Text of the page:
A new Evan is taking over the titular role of “Dear Evan Hansen,” and he’s the first Asian-American actor to do so. Zachary Noah Piser talked to PIX11 News about breaking down barriers on Broadway.
“Those nerves turn into more excited feelings of just oh my gosh, this role is entirely 100 percent mine and that is, so special,” said Piser.
Piser has been in the “Dear Evan Hansen” family since March of 2019. He starred in the international premiere of the show in Toronto and has been an “Evan” alternate on Broadway, but now it’s a chance to make the lead character his own. Piser is set to takes on the role full-time starting May 17.
Since it’s Broadway premiere in 2015, the show has garnered accolades and a slew of Tony awards. Much of the critical acclaim has been for its storylines tackling issues facing many of our youth today. “Dear Evan Hansen” is filled with heavy, but powerful themes and opens an important discussion about mental health.
“This show is so spectacular for so many reasons. It’s got the most incredible music, the most incredible book, this incredible story,” said Piser. “The thing that makes it singular and the reason why I was drawn to the material is because it creates space to talk about mental health.”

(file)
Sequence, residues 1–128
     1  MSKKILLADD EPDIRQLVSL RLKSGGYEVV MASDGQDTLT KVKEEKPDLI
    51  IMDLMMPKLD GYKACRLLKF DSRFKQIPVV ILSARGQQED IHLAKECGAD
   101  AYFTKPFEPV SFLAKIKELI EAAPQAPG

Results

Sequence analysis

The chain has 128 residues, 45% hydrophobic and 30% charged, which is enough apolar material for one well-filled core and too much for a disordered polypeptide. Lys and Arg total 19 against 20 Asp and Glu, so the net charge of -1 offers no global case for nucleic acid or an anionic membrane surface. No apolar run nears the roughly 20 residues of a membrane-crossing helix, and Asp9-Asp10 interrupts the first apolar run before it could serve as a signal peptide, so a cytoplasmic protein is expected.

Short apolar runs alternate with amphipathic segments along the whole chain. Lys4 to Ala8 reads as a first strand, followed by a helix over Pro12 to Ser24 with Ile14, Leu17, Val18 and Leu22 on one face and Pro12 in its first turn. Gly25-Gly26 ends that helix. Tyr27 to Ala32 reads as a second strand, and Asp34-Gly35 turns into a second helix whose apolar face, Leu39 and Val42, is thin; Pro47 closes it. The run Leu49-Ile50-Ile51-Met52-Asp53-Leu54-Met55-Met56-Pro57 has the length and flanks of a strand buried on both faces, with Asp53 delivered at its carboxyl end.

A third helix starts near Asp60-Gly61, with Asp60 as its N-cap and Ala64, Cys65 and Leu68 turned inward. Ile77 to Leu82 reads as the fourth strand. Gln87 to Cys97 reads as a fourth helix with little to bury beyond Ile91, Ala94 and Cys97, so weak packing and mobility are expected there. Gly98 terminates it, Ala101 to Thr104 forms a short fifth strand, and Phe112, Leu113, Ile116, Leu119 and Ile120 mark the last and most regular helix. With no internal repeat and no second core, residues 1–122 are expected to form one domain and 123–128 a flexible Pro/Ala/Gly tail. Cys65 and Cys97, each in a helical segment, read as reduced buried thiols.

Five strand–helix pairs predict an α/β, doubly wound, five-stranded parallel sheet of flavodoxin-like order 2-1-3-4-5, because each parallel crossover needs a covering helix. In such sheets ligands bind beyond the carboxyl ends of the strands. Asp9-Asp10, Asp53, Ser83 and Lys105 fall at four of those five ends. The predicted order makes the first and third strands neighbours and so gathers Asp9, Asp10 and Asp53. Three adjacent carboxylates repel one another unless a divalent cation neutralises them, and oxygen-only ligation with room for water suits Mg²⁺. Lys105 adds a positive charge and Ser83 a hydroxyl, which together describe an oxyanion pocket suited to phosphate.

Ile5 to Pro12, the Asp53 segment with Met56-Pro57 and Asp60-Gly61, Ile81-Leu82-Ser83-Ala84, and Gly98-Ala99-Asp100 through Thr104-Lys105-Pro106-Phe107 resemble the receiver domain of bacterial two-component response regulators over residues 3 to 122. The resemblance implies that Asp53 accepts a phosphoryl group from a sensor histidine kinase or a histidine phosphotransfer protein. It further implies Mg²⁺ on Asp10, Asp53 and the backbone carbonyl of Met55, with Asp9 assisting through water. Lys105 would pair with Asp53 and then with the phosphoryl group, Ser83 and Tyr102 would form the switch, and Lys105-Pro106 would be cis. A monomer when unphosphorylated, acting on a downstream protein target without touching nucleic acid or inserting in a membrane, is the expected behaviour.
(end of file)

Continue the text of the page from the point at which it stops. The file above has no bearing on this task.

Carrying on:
Evan Hansen is a high school student dealing with social anxiety. In an effort to boost his self esteem, his therapist encourages him to write letters to himself, like daily pep talks. After the suicide of a classmate, Evan fabricates a story about his role in that student’s life. The show also touches upon bullying, loneliness, depression, and overall teenage angst, all against the backdrop of a soaring music score.
“I think at the end of the day, ‘Dear Evan Hansen’ is about a young man who feels like an outsider,” said Piser. “People come up (to me) or they message us and say I was able to start a conversation with my kid, or with my parents, about how I was feeling.”
As Piser steps into the role, he steps into history as well.
“I’m going to be the first Asian-American to play this role, a role that wasn’t written for an Asian-American person to play and I just hope that opens more door and opportunities for other people of color,” said Piser. “I do feel a sense of responsibility to uplift the Asian-American community as I take on this role full-time.”
When Piser dons that famous blue striped polo, he says he’s drawing from his own life experiences.
“Middle school was pretty tough,” said Piser. “I was that kid in California who was desperately searching for a face that I thought I could connect with or that I saw myself in, on the stage, on the screen, and they were there, but it was really few and far between and to be able to be that for future generations for older generations, really means the world to me.”